In the spring of 2020, “sheltering in place” among the raging COVID pandemic, approaching the first anniversary of my brother’s death, the song that kept comforted me was “Suspended in Time” from the ill-fated movie, Xanadu. Anxious, scared, and stressed—I was interim director of an academic program and interviewing via Zoom for two overlapping positions—the song I probably should have been listening to was “Have You Never Been Mellow”. It would have done me some good to contemplate the question of happiness that song offers up.
But in Spring 2020, I identified more with being suspended in time. Those lyrics start by invoking a fool—and a child— I felt I was both as the pandemic started in 2020. “Hopelessly Devoted to You” spoke to that period of isolation as I longed for connection, for touch. Almost everyone was suspended somewhere I could not access them except through screens, as if they were movie versions of themselves. Longing is a cruel emotion. It dangles what you want just beyond your grasp.
Grease portrayed a teen girl who did not fit in. Newton-John’s Sandy is not the only character to experience a kind of imposter syndrome. Frenchis is a beauty school dropout, failing at the one thing she crafted her identity around. Rizzo sings of the “worse things” she could do than be who she is, which conveys her worry about who she is. Jan is always on a diet, and Marty feels she has to flirt with a man much older than her to be attractive. These female characters define their self-worth in terms of the male characters and very conventional beauty standards. Watching Grease now, I’m tempted to wonder how we made it through those years.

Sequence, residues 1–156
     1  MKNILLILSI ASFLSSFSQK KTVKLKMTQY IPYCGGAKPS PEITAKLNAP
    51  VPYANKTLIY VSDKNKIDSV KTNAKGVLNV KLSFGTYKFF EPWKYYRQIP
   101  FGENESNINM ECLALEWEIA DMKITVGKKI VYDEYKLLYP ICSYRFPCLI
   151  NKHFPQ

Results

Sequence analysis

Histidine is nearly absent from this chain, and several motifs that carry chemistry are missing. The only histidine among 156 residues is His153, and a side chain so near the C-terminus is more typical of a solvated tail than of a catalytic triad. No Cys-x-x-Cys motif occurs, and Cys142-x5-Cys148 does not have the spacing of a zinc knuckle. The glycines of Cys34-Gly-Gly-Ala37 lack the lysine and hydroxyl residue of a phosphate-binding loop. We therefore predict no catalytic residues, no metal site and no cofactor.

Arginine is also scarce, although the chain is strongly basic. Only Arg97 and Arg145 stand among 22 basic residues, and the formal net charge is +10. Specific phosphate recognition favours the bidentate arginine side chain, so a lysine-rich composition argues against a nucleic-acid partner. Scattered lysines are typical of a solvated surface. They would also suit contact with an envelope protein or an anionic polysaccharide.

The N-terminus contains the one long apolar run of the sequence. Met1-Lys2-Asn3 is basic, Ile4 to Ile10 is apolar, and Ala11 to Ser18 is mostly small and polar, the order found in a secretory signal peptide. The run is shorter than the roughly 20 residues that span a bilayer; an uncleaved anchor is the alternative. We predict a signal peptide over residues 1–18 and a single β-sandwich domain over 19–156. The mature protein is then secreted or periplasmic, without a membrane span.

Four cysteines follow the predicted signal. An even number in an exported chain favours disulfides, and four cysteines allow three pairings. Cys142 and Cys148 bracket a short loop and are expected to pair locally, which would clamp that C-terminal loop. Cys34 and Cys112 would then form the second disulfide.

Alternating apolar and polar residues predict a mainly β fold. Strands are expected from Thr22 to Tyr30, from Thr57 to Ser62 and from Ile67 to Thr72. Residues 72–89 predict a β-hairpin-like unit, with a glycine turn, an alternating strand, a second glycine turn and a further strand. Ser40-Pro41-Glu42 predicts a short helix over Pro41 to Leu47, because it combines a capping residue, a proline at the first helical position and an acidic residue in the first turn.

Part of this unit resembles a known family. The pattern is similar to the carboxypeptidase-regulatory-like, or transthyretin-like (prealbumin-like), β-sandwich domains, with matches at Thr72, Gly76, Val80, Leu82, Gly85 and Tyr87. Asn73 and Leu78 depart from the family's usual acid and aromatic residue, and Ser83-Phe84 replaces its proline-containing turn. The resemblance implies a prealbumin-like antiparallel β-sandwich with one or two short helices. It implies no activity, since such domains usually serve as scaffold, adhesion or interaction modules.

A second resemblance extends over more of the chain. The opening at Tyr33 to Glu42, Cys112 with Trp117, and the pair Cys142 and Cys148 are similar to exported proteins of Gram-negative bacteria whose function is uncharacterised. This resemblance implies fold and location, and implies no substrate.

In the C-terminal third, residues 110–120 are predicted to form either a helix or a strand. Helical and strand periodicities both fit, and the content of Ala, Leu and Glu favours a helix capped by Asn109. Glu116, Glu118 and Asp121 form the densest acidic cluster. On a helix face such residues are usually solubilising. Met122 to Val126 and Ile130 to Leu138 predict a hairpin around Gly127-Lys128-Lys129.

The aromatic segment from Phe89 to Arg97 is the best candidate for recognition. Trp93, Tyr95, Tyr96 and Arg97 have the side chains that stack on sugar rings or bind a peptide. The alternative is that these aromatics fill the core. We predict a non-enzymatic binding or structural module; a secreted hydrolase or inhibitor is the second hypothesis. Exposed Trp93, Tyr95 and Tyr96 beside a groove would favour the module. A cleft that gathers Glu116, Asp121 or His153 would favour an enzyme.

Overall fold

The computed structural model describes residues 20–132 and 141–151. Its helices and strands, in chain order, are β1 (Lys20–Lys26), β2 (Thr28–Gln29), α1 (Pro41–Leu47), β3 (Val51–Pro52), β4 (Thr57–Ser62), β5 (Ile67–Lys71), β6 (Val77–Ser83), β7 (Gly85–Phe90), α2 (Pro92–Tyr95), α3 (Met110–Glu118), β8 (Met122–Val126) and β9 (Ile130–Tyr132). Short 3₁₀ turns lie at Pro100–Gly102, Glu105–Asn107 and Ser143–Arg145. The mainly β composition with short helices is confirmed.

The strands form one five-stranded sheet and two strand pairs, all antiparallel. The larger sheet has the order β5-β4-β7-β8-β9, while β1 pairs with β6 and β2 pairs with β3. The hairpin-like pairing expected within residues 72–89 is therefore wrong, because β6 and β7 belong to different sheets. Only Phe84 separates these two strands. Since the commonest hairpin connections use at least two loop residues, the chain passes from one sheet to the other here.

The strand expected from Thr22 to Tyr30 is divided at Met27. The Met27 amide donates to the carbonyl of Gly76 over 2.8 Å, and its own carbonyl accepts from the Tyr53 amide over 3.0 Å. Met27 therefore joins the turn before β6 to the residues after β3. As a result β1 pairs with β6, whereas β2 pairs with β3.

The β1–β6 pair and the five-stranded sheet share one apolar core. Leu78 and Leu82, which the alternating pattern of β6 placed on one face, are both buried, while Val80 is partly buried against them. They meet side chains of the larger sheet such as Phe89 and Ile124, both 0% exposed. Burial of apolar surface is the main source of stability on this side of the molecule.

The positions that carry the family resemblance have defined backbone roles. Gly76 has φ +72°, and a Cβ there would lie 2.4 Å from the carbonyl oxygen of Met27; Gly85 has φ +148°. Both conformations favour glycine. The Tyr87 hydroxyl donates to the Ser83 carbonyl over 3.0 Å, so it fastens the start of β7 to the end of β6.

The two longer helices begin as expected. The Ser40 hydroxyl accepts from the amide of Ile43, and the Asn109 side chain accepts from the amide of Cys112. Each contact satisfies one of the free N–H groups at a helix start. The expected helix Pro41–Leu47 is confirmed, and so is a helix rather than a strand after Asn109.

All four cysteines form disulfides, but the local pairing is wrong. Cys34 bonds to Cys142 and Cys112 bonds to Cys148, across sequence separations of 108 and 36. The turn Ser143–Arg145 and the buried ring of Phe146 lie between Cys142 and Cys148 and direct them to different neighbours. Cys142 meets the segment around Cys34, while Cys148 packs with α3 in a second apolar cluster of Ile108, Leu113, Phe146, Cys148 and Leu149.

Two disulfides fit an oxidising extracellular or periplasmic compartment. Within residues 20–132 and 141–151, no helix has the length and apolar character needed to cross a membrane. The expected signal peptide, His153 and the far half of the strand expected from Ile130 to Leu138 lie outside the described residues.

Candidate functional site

When Newton-John and later Hatfield sing “Hopelessly Devoted to You” it might as well be an ode to that perfect white feminine beauty standard, the power of pretty: high cheekbones, long eyelashes, full-lips, thin physique—but not too thin, curves in the right places, and so-on. I have pushed back on these beauty standards my whole life, but they still exercise their power on me. Ridiculous standards by which I measure myself continue to dominate my thoughts. It’s like being Sandra-Dee, by the outdoor pool, singing her guts out but never making it to the scene where she takes the lead.